Superstar athletes should not be role models for how they handle their trademark applications. Two athletes whom some consider the “Greatest Of All Time” – LeBron James and Tom Brady – recently made public statements that could doom protection based on their Intent-To-Use trademark applications. Each may have admitted to not having an intent to use the trademark he applied for. The rest of us should not do the same thing. U.S. trademark law provides a great benefit by allowing potential brand owners to apply to register their trademarks without having yet used the mark, so long as the applicant has a bona fide intent to use the mark in the future for particular goods and services. Filing an ITU application without having that intent could lead to the cancellation of the resulting registration. Recently, LeBron’s spokesman said about LeBron’s TACO TUESDAY application:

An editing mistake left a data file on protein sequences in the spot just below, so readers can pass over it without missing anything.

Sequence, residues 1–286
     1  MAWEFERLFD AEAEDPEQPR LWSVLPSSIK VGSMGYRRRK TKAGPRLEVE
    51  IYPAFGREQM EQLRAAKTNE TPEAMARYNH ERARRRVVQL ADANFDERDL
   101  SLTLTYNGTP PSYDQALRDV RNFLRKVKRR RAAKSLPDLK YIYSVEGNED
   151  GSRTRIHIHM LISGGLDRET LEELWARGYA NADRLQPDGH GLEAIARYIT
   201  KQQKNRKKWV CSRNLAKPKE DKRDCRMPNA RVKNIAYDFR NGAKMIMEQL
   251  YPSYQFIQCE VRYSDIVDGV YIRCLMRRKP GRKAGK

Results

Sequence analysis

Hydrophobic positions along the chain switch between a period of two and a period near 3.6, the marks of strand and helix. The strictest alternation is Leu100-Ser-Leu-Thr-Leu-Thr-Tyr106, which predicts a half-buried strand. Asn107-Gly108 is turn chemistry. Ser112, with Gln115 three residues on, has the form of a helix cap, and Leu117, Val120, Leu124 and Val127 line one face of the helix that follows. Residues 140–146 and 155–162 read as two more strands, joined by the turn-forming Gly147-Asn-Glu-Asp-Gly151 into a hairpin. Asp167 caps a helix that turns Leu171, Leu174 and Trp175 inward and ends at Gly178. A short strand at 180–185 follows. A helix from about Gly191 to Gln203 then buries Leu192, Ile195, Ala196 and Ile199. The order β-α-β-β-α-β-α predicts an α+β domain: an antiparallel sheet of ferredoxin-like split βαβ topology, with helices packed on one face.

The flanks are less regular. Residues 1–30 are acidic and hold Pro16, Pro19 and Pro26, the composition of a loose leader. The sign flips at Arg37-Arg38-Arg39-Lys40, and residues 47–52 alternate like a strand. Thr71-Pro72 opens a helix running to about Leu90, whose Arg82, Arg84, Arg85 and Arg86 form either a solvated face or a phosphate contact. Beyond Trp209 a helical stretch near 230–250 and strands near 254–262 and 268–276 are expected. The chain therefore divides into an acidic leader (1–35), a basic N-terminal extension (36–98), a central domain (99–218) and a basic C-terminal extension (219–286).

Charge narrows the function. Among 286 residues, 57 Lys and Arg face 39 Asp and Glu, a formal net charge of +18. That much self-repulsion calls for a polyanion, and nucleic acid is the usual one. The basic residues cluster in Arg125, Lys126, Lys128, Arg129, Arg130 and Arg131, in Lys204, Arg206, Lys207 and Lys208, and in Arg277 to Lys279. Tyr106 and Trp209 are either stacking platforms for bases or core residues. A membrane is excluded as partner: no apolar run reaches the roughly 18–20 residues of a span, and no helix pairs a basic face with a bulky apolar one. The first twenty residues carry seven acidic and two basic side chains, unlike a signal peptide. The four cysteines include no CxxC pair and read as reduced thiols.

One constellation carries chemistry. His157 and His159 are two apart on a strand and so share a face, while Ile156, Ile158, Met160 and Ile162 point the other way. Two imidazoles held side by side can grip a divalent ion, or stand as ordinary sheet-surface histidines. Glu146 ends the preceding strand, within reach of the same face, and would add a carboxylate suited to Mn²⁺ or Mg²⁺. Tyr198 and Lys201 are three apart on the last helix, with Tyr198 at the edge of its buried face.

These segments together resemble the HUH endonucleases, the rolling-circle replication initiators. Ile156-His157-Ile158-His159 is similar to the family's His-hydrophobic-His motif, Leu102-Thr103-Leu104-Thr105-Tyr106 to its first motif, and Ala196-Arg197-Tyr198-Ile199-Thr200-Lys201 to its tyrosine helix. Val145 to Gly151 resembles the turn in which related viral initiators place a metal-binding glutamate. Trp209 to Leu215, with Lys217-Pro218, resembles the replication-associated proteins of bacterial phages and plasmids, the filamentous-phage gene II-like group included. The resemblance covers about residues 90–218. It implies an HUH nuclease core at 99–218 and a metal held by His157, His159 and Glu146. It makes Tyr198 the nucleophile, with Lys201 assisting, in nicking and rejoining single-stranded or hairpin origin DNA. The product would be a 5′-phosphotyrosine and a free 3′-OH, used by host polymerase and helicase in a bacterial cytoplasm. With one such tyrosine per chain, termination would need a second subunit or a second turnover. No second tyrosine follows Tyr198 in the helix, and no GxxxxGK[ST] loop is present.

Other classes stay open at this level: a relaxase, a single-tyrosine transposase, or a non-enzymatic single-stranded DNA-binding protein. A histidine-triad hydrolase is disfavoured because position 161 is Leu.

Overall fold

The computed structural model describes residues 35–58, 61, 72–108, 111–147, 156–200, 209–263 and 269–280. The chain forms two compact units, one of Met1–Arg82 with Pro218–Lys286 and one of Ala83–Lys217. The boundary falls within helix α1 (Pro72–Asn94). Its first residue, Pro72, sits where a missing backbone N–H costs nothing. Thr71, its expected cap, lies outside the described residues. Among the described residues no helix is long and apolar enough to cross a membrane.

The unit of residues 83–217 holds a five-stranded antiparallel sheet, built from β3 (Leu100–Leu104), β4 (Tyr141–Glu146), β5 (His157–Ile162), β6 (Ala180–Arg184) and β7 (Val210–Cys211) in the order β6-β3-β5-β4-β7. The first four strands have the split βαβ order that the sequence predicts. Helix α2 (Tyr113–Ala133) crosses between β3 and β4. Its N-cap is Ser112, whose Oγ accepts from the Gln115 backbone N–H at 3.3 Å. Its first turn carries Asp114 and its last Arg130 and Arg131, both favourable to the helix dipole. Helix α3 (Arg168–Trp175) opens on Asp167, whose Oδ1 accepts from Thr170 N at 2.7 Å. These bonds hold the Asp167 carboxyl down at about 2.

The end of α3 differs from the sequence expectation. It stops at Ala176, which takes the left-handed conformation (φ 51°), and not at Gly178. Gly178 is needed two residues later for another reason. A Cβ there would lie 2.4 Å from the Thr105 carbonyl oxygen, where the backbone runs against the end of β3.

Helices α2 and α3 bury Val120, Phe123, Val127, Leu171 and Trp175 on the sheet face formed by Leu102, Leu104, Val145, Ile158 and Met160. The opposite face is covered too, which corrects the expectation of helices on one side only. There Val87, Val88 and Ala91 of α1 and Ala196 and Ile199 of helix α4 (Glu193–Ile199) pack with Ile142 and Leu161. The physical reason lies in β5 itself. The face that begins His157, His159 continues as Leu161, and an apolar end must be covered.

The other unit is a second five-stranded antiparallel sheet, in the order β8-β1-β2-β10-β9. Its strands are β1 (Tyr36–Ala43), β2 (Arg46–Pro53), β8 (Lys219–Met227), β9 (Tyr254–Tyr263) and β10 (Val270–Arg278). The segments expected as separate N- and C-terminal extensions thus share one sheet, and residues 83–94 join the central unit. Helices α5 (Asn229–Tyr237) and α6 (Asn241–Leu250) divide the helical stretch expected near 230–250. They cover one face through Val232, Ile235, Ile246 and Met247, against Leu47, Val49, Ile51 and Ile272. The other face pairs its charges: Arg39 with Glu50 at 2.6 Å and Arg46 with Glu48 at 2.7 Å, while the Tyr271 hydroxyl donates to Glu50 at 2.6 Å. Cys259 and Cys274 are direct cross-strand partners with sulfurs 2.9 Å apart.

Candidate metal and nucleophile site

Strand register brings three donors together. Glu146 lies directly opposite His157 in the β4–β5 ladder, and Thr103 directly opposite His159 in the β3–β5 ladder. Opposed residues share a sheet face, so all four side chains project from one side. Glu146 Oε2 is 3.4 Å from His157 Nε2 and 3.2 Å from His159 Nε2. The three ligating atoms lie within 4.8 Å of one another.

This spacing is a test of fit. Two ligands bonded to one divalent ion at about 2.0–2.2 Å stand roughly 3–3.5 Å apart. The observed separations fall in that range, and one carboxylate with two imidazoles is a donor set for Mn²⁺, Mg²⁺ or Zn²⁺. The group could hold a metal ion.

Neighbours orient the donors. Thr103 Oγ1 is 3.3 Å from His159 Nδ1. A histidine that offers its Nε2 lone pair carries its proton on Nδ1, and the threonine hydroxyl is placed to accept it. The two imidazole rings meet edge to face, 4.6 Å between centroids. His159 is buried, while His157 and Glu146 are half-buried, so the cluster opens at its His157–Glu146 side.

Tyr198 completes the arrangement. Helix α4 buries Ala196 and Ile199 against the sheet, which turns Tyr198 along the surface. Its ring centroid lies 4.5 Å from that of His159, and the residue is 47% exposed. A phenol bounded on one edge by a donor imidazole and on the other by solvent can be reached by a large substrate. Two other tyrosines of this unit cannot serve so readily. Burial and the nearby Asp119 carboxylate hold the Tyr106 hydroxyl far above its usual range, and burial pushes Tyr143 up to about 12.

The filing was to protect the company from potential lawsuits should we decide to pursue any ideas, nothing of which is in development.
A YouTube video shows Brady saying about his TOM TERRIFIC application:
I didn’t want people to associate me with that.
Each of those statements might create evidence showing lack of requisite intent. This could raise a problem for each of them, if they can even get around other roadblocks they have encountered in their applications.
The takeaway: When filing an Intent-To-Use trademark application, be certain to have the intent to use the mark for all items listed in the application; and be doubly certain not to admit in public you lack that intent. Don’t be a GOAT.